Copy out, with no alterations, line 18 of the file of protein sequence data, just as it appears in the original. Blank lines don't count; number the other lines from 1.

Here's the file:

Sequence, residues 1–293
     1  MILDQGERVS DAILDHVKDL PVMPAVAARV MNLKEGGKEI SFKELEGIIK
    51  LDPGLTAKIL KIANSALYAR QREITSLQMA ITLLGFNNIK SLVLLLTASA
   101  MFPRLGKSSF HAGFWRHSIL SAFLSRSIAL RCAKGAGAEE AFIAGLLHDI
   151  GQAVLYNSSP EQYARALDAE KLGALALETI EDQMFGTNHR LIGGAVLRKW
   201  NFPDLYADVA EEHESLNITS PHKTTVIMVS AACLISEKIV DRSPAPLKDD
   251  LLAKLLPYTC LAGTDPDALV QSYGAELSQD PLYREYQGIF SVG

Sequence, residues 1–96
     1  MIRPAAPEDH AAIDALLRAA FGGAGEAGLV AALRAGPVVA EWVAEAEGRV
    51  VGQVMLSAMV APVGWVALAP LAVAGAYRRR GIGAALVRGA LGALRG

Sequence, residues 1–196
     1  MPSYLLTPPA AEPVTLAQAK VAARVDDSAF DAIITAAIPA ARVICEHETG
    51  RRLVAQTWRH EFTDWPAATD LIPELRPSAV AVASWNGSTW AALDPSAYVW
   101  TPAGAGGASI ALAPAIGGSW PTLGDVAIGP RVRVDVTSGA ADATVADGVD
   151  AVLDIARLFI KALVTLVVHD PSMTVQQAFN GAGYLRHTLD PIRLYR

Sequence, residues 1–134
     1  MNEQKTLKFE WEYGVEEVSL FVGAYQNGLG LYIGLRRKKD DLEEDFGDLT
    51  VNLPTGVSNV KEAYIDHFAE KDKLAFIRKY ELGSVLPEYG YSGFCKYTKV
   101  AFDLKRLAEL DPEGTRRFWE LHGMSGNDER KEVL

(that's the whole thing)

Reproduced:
    51  VNLPTGVSNV KEAYIDHFAE KDKLAFIRKY ELGSVLPEYG YSGFCKYTKV